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Several graves in Waihī Cemetery’s RSA Gardens were damaged last week. Photo: SUPPLIED/HDC

Ongoing cemetery desecration appals

Waihī’s ongoing vandalism problem took a disrespectful turn on Friday afternoon.

Several graves in Waihī Cemetery’s RSA Gardens were damaged, with mementos smashed, flowerpots overturned and debris strewn across the grass, with the damage centred around plot 62. No plaques were stolen.

“It’s hard to find the words to convey the disbelief, distress and anger this shameful act of vandalism at the Waihī Cemetery will cause to the families affected, our staff, who take pride in maintaining this place
of rest and the families who visit to pay their respects,” the Hauraki District Council said in a post on their Facebook page.

“While we’ll work quickly to gather up and save what we can, and identify the families affected, we wanted to let the community know in case you have a precious momento you’d like to remove to keep safe while we investigate this distressing event.”

Hundreds of people commented on the post, sharing their disgust at the graves’ desecration. Several were family members of those interred, and they were appalled at the lack of respect.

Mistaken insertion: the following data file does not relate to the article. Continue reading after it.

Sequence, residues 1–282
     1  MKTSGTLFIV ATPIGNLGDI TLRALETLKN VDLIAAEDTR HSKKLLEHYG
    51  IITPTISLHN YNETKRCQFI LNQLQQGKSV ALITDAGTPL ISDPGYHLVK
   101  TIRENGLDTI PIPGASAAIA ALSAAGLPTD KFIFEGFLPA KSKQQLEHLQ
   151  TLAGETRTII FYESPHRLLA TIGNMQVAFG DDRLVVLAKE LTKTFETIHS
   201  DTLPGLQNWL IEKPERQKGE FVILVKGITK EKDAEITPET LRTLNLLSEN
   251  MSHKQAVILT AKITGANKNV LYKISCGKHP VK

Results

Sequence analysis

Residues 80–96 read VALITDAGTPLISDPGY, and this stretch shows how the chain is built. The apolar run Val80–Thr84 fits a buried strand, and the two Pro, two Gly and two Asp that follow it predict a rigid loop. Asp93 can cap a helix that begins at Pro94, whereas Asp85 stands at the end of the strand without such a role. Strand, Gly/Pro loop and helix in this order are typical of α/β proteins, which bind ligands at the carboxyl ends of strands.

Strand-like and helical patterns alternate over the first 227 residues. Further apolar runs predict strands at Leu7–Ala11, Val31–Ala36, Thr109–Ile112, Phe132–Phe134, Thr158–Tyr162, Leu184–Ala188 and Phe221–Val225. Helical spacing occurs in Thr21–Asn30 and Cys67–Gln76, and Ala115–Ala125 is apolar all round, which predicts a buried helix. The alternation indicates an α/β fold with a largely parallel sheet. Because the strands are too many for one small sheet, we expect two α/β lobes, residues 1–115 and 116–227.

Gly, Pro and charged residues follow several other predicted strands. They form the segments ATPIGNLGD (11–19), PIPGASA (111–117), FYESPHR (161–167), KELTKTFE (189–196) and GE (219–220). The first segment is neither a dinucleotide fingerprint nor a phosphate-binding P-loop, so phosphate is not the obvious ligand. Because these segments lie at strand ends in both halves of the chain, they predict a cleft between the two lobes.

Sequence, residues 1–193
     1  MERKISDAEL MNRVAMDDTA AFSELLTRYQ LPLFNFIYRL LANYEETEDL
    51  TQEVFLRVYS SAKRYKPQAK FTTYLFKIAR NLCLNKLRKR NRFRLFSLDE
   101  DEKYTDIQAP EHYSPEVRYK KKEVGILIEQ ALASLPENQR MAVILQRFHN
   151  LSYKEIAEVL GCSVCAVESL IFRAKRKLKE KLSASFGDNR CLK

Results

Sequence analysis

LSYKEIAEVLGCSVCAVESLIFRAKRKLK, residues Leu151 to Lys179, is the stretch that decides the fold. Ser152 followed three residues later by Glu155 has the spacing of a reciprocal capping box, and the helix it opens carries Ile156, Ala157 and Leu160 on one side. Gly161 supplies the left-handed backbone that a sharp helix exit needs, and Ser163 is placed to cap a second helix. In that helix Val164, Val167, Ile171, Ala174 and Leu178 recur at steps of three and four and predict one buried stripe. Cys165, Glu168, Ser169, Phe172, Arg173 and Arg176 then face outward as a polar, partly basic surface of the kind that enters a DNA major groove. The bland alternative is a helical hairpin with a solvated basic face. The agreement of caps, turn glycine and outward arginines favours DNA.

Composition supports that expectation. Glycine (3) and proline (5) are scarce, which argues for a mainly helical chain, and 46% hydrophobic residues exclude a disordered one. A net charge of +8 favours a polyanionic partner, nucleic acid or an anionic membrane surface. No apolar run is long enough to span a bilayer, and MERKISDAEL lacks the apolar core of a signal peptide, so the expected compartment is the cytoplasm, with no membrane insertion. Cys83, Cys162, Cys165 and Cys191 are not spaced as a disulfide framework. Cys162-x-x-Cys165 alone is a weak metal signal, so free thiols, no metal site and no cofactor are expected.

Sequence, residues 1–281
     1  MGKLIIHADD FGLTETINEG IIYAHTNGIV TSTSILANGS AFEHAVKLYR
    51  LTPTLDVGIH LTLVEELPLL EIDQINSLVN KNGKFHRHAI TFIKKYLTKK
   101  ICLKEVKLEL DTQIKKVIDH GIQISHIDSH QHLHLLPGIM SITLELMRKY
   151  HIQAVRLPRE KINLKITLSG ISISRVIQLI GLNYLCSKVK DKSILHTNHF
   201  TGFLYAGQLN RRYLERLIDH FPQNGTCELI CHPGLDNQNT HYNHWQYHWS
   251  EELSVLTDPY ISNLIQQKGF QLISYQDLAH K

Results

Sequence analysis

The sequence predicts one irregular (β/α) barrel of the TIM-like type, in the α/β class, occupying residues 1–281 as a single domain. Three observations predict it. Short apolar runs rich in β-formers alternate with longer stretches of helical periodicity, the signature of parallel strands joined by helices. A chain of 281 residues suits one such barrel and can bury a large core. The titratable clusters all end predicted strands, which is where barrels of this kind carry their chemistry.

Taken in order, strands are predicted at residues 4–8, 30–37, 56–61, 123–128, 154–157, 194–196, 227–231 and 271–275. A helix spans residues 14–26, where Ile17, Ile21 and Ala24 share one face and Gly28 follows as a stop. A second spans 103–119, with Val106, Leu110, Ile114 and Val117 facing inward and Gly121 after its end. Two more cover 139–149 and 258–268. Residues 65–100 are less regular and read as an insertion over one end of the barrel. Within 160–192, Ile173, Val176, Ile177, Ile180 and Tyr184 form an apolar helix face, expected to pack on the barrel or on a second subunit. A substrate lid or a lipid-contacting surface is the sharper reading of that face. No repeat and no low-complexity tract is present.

Hauraki mayor Toby Adams told The Profile he was “immensely disappointed” in the actions of the perpetrators.

“It’s really hard to know what goes through someone’s head to be able to do that to a site like that, it just blows my mind,” he said. “We’ve had a lot of vandals in and around the district and a lot in Waihī at the moment.”

Vandalism has been an ongoing issue at Waihī Cemetery. In November of 2021, The Profile reported the theft of more than a dozen bronze plaques from servicemens’ graves, with scrap metal dealers across the country being asked to keep an eye out for the stolen goods.

Elsewhere in the district, the toilet block on Waihī’s Haszard St was set ablaze in April, causing $10,000 in damage. Last year, the toilet block at Waihī Cemetery was also targeted.

Waihī Cemetery has regular security patrols and gates are locked to vehicles at 8pm. Some people on social media have called for security cameras to be installed at the cemetery, but Mayor Adams said it wouldn’t solve the issue.

“We can’t have the whole place covered in cameras, and whilst cameras may have helped see who it is, it may not have either,” he said.

“Cameras don’t stop people doing stupid things like that. And people need to be able to go to a space like that and not feel like they’re being watched either, when they’re going to sit with their families and whatnot. So it’s a really tricky one.”

By ALICE PARMINTER, Public Journalism funded by NZ on Air.